Sailing the Sea of Cheese: Lions/Packers preview

December 7th, 2012

Rookie Casey Hayward running back an interception in the first meeting

Jeff Risdon, LionsDraft Editor

The Lions head to the western shores of Lake Michigan for a date with the Green Bay Packers. This trip has been a voyage of nightmares for a very long time, and this year figures to be no different.

How long have the seas of Lake Michigan battered the Lions? The last time the Lions won a game in the state of Wisconsin, Brett Favre was a rookie with the Atlanta Falcons. Jason Hanson was still in college. The starting quarterbacks were Erik Kramer and Mike Tomczak. Robert Clark caught two TD passes from Kramer and Mel Gray returned a punt 78 yards for a touchdown as the 10-4 Lions beat the 3-11 Packers on a 10 degree day in December of 1991. Older Lions fans might recall that 1991 team as the only edition in the Super Bowl era to ever win a playoff game, a 38-6 blowout of the Triplets Cowboys that remains the franchise high water mark of the last 55 years. It remains the only team in NFL history to have two different quarterbacks start more than 7 games and advance to the Championship round of the playoffs. Give yourself a high five if you knew that Rodney Peete was the other starter.

Those were the days! I rocked my official Lions Zubaz pants every Sunday, invading Lucky’s in Athens, OH as an Ohio University sophomore to get their grainy, pirated satellite feed from the Toledo CBS affiliate and watch Barry Sanders, Chris Spielman, & a skinny rookie named Herman Moore. The Packers were perennial also-rans, having just two winning seasons in the last 20 years. They played some home games in Milwaukee to try and bolster attendance, and you never saw Packers gear anywhere outside the upper Midwest.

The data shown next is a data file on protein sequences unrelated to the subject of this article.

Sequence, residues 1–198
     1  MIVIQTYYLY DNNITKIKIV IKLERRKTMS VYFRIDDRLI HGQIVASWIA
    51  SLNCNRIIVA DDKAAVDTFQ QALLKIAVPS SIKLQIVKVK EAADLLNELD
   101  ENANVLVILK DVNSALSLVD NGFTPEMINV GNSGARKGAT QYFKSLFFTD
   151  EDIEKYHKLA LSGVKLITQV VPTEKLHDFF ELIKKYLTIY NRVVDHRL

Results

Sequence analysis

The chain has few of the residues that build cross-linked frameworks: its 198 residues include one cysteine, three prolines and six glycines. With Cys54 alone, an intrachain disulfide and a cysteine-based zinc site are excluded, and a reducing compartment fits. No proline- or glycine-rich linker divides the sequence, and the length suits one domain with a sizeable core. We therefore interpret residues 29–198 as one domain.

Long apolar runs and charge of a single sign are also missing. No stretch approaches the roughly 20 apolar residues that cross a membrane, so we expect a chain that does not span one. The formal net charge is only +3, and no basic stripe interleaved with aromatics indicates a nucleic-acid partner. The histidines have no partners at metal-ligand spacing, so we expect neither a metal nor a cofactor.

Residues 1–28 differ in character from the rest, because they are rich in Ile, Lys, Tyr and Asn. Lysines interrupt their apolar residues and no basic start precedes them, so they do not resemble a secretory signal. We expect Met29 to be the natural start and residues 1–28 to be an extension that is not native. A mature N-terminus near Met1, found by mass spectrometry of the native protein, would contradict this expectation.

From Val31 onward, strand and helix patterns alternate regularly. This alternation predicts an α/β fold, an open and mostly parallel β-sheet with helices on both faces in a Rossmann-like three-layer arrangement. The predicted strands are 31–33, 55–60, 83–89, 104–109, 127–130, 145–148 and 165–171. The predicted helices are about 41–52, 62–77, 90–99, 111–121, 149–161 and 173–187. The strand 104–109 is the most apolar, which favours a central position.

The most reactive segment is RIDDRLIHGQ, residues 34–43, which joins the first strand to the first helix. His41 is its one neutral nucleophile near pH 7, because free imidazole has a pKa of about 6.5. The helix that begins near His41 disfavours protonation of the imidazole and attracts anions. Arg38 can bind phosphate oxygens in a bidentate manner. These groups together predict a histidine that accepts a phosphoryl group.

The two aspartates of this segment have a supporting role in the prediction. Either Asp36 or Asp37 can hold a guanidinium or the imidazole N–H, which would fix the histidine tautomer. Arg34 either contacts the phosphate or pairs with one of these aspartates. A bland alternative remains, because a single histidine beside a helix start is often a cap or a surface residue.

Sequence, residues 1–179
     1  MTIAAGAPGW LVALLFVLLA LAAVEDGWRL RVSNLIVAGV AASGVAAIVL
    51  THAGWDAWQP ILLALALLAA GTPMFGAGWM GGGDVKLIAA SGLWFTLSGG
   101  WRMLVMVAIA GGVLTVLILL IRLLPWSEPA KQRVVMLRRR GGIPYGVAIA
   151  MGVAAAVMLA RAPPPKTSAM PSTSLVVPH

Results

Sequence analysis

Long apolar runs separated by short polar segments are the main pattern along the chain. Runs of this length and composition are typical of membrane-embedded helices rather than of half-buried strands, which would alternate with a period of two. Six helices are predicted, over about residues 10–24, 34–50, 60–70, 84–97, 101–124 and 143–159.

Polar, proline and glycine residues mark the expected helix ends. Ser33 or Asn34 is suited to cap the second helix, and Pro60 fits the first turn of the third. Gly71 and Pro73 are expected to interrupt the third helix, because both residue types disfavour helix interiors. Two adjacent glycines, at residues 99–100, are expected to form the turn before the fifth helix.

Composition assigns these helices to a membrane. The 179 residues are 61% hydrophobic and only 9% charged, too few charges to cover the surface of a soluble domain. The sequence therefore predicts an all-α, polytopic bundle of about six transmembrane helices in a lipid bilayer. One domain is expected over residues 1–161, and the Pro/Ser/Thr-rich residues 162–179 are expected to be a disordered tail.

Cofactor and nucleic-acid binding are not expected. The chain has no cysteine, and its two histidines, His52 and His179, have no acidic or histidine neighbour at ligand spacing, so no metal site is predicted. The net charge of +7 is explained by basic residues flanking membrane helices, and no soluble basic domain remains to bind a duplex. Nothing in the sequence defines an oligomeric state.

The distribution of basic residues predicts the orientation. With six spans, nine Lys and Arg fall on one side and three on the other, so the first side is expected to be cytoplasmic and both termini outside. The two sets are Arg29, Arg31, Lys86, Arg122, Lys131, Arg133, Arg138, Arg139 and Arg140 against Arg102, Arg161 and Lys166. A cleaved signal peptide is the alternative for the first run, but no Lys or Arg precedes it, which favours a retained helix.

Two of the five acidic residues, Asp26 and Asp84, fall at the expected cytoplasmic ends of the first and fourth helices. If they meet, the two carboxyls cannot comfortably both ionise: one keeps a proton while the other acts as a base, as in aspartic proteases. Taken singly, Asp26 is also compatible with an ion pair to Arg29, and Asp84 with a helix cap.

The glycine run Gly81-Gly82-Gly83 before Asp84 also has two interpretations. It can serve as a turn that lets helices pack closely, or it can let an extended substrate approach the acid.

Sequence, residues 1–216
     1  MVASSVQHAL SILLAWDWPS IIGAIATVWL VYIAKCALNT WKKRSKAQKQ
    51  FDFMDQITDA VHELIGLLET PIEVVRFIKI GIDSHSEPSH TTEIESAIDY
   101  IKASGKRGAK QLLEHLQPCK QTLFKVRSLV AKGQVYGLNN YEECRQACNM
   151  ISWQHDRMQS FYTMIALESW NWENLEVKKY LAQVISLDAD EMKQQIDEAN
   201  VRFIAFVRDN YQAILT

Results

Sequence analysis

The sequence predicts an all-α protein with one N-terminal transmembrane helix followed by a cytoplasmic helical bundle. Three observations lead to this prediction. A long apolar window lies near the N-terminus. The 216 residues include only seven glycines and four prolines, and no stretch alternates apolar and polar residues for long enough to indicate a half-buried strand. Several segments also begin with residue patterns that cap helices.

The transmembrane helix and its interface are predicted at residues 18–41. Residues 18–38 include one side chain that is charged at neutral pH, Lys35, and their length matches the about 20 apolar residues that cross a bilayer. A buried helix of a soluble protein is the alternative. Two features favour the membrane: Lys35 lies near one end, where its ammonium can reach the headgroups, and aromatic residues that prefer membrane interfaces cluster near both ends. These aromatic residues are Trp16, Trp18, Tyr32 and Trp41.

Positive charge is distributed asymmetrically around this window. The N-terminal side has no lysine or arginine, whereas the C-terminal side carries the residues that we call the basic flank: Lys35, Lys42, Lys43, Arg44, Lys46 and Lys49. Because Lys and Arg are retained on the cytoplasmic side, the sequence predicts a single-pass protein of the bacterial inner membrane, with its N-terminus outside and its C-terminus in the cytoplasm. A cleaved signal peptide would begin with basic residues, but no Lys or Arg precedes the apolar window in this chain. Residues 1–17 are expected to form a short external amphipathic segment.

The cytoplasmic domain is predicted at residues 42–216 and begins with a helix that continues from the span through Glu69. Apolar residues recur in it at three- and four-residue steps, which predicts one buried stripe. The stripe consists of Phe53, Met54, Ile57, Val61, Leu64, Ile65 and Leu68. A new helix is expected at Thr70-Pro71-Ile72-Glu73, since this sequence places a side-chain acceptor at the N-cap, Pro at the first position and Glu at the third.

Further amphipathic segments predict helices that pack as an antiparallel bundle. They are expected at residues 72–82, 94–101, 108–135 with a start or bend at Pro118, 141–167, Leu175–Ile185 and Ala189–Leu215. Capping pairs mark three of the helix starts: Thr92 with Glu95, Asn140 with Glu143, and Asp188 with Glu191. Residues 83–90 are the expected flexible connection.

Even in the ensuing Sanders years, the Lions never had any success in Green Bay. Some guy named Favre had a lot to do with that, as has another guy named Rodgers. The weather has been a contributing factor several times, as strangely the game has been played in Week 11 or later all but five times. But just as often, it’s been the Lions themselves who have scuttled their own ship in Green Bay. From bursts of turnovers to blown coverages to fumbled punts to miserable passing games from the likes of Scott Mitchell and Joey Harrington, whose 5-for-22 for 47 yards in 2004 remains the nadir for Lions QB play, it just has not been good to the Lions in Green Bay.

This year there is a chance. The Green Bay offensive line is struggling through several injuries and has serious issues protecting Aaron Rodgers, who has been sacked more than any other QB in the league. Both Ndamukong Suh and Nick Fairley are coming off very good games against the Colts, and they figure to present a serious challenge for the rotting carcass of Jeff Saturday and his walking wounded line mates. The Green Bay run defense is sporadically effective, ranking 22nd in yards per carry but 30th in tackles behind the line of scrimmage. However, they are trending in the wrong direction, giving up a league-worst 6 yards per carry over the last three games. Even though the Lions don’t run the ball all that frequently, ranking 25th in attempts per game, they are more effective at running than commonly advertised. The Lions average 4.2 yards per carry, good for 12th in the league, and they rank 7th over the last month at 4.8 per attempt.